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Frustration over "very dangerous" precedent to kick James Knox off Tour Down Under for drafting car after concussion check

Several pro riders have sprung to the Brit's defence, arguing the decision will encourage others to skip necessary safety checks...

James Knox has released a statement explaining the circumstances that led to him being disqualified from the Tour Down Under on yesterday's opening road stage, and argued commissaires "should not punish riders for staying behind after a crash to be properly evaluated".

The British rider on the Soudal-QuickStep team was kicked off the race having drafted his team's cars to return to the peloton after his heavy fall with around 55km to go of stage one.

Knox had been careful to undergo a concussion check with a doctor having hit his head in the fall, and shared photos of the visible damage to his helmet.

Ineos Grenadiers' Luke Rowe and Tao Geoghegan Hart, as well as Oliver Naesen are just three of the riders who have defended Knox, Rowe saying the ruling was "very dangerous" if it will encourage others to skip concussion checks, while Naesen called it a "joke".

Penning a lengthy statement on Twitter, Knox explained he needed a medical assessment from his team doctor to "make sure that no bones were broken and more importantly, that I was not concussed."

James Knox crash Tour Down Under (GCN+)

"After remounting, I realised my handlebar was broken and needed to stop again to change onto my spare bike," he recalled. "The race situation was settled after the intermediate sprint, but the commissaire refused to let me stay behind the car for more than a couple of kilometres. The exact reasons for this I'm not exactly sure.

"My only ambition was to rejoin the back of the convoy, or at minimum to the other crashed riders ahead of me, hoping to continue in a race I've travelled around the world to partake in and still has four days remaining.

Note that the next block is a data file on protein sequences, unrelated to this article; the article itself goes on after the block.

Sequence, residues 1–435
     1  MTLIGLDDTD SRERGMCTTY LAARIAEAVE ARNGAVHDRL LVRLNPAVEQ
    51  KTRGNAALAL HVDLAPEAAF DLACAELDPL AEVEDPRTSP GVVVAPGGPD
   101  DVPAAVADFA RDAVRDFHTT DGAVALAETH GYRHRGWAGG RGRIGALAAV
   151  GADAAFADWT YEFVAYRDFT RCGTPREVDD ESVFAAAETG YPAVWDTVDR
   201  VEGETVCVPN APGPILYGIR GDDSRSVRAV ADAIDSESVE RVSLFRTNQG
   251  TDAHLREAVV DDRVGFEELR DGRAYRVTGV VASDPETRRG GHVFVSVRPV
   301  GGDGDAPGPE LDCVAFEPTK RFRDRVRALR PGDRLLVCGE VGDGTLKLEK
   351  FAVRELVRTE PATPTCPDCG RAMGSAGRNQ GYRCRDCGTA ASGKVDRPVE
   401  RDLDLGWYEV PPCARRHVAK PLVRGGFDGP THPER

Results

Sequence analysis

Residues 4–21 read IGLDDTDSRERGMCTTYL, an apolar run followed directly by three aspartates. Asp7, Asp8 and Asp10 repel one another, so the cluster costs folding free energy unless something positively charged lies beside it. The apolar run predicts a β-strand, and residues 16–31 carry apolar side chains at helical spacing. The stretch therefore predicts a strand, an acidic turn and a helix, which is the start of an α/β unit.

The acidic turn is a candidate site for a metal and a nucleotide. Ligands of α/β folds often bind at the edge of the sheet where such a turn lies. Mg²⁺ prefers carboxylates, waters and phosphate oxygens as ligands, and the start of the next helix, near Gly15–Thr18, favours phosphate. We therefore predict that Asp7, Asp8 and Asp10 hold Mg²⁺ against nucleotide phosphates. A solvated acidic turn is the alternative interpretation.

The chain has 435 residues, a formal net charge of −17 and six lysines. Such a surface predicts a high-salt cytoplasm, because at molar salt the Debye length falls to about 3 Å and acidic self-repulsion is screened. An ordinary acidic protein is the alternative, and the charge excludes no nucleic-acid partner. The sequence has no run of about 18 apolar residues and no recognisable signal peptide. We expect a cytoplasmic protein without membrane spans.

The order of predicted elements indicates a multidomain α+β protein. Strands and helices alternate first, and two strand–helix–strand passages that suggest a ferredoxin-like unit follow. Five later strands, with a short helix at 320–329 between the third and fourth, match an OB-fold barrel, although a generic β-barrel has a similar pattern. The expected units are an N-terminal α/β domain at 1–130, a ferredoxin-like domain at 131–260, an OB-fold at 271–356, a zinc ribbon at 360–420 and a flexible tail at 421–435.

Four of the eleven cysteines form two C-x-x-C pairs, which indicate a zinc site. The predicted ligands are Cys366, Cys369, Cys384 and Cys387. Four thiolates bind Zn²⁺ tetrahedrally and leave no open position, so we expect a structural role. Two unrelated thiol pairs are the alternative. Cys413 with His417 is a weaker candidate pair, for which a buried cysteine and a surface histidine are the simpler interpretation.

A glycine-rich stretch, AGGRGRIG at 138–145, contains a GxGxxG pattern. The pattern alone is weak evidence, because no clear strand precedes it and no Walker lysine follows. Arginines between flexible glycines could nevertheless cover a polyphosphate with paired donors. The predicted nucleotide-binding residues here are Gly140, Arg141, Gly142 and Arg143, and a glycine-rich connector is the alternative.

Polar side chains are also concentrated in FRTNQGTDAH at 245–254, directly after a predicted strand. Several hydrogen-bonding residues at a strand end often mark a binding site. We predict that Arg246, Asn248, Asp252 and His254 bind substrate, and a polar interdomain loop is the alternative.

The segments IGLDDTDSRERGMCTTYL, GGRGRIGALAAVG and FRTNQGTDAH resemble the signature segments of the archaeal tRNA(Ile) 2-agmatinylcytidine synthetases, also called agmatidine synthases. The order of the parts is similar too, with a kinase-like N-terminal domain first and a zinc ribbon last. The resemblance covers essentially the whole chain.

"I watched from behind as other crashed riders were allowed to stay behind their cars to rejoin the race, as you would expect. I have to accept my own responsibility for the mistakes I made after this.

"On my own with no information given about time gaps or time cuts I took some draft from a couple of soigneur cars, who were leaving the final feed, for a few kilometres. I was seen doing so and disqualified for this.

"It seems clear to me if cycling is going to take serious steps in maintaining rider welfare, commissaires should not punish riders for staying behind after a crash to be properly evaluated.

"The actions they took in the aftermath of the crash clearly demonstrated to me that I would have been better off immediately remounting without undergoing a proper examination. The rules for returning to the convoy are very tricky but I feel like this was a clear-cut example that I wasn't trying to use the cars for an advantage, nor would I have been in that situation without crashing."

Geoghegan Hart added: "Why is the UCI actively endangering rider safety by not allowing time to asses a rider after a crash? If you can't use the convoy you are forced to forgo any concussion assessment or other medical tests... For what sporting gain?"

The race continued, without Knox, today — Rohan Dennis of Jumbo Visma winning the second stage ahead of Jay Vine, Mauro Schmid, Simon Yates and Jai Hindley who all gained a few seconds on the riders in the peloton led home by Caleb Ewan.

Race leader Alberto Bettiol cramped badly and dropped out of the leader's jersey which is now held by Dennis, two seconds ahead of Vine.

Dan joined road.cc in 2020, and spent most of his first year (hopefully) keeping you entertained on the live blog. At the start of 2022 he took on the role of news editor. Before joining road.cc, Dan wrote about various sports, including football and boxing for the Daily Express, and covered the weird and wonderful world of non-league football for The Non-League Paper. Part of the generation inspired by the 2012 Olympics, Dan has been 'enjoying' life on two wheels ever since and spends his weekends making bonk-induced trips to the petrol stations of the south of England.

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